• First class will change you. The first time I flew first class, I felt bad. Like I was trying to be someone I'm not, that I was slighting my fellow middle-class Americans. When they gave me a meal, I still ate it, but could NOT look at the people in coach sitting behind me. I noticeably avoided looking behind me (which is odd, because I never look behind me on a plane anyway, but this was so deliberate). I was the last seat in first class. The second time, I noticed that there were 4 other iPads up in first class. I have one, so I felt like one of the elite. I enjoyed the beverage service before the flight began. I left perfectly good pieces of melon on the lunch plate because I could. I also pitied the poor saps that had to board after me, and thought about how sad it must be to have no leg room back in coach. The saddest part is that now that my last-minute flights are done, I'll probably never ride in first class again, and I'll again be put next to a large (not chubby, but large) 6'4" dude, and try to keep my arms folded in an attempt to not touch him at all during a three hour flight (yes, that did happen).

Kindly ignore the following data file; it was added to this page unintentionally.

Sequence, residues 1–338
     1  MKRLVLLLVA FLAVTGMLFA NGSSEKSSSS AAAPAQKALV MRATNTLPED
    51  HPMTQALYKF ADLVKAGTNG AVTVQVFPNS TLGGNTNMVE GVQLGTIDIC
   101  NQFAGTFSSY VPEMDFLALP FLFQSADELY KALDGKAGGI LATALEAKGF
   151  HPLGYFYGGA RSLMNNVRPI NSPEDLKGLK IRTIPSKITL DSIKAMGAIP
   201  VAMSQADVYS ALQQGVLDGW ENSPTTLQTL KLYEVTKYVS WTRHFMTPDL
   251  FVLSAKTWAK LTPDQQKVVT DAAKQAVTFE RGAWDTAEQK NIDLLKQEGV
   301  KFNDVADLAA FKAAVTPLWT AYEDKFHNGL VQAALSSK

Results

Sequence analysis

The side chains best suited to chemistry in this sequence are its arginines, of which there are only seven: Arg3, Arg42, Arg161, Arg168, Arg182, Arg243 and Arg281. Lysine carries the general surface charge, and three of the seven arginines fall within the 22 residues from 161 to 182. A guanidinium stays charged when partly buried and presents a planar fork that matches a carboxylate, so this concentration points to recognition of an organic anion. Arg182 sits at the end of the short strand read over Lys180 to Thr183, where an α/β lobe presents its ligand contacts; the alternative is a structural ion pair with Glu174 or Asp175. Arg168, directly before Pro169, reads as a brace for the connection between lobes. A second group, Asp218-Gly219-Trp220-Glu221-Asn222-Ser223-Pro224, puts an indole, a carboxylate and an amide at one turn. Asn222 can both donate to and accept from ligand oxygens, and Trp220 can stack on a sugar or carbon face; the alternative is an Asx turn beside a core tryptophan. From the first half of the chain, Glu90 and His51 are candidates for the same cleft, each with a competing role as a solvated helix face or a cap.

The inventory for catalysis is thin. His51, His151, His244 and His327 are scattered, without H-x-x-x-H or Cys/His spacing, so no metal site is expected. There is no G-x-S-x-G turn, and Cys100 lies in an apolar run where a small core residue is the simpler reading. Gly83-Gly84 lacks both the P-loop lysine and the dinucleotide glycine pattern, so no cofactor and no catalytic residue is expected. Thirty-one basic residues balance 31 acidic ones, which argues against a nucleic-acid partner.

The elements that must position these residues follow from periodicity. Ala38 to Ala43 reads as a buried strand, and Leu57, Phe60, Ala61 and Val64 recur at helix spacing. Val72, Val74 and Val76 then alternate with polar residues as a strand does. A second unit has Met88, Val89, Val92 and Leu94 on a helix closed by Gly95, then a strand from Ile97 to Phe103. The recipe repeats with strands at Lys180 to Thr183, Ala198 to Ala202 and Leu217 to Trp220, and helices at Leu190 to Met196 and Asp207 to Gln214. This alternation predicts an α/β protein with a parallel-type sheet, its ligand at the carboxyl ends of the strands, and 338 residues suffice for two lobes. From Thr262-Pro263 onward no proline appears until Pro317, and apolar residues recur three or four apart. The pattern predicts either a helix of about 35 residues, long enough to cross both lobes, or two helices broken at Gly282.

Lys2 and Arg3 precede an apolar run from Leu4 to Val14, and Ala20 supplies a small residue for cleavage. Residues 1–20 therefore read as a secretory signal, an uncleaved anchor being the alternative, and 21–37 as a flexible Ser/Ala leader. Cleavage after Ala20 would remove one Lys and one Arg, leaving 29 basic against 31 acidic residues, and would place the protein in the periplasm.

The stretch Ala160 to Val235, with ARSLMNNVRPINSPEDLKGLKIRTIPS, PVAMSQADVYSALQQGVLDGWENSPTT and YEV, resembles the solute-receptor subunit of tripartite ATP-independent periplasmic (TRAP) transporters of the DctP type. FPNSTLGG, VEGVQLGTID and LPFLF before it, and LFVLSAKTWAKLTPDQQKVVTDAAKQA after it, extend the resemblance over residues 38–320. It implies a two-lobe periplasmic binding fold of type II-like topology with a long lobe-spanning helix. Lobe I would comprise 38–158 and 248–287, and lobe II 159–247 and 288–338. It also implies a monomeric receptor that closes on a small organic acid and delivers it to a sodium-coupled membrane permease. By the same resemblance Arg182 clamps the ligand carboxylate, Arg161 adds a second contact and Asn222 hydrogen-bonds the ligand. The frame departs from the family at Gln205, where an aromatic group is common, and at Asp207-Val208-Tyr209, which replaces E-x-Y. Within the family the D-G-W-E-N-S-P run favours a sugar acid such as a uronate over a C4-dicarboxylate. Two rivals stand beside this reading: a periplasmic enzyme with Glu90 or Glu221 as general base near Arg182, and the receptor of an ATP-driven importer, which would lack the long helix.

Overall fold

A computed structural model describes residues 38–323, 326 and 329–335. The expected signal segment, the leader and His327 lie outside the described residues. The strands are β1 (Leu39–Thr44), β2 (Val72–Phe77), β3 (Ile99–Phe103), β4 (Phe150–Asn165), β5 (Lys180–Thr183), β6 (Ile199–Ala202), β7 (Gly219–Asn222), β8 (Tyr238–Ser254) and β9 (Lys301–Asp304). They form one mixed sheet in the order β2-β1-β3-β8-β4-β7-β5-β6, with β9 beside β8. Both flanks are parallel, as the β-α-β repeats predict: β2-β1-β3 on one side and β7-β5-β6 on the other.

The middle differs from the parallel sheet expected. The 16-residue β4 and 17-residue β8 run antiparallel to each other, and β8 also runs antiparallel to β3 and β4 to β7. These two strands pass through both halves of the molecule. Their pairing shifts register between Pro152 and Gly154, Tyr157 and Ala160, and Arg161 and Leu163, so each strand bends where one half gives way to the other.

• Everyone has a twin. In a single night, in a single restaurant, I saw the twins of a girl I worked with at my first out-of-college job (and almost waved to her and went to ask her what she was doing in Austin), a girl I knew from my freshman year of college, and a guy I knew in high school. I'm not exaggerating. Just so you know I'm not lying, the names of the real people are RB, Hayley (yep, she spells her name like Hayley), and Ryan. The doppelgangers could have stood next to the real people (the people I actually know are the real ones. Obviously.), and passed as twins.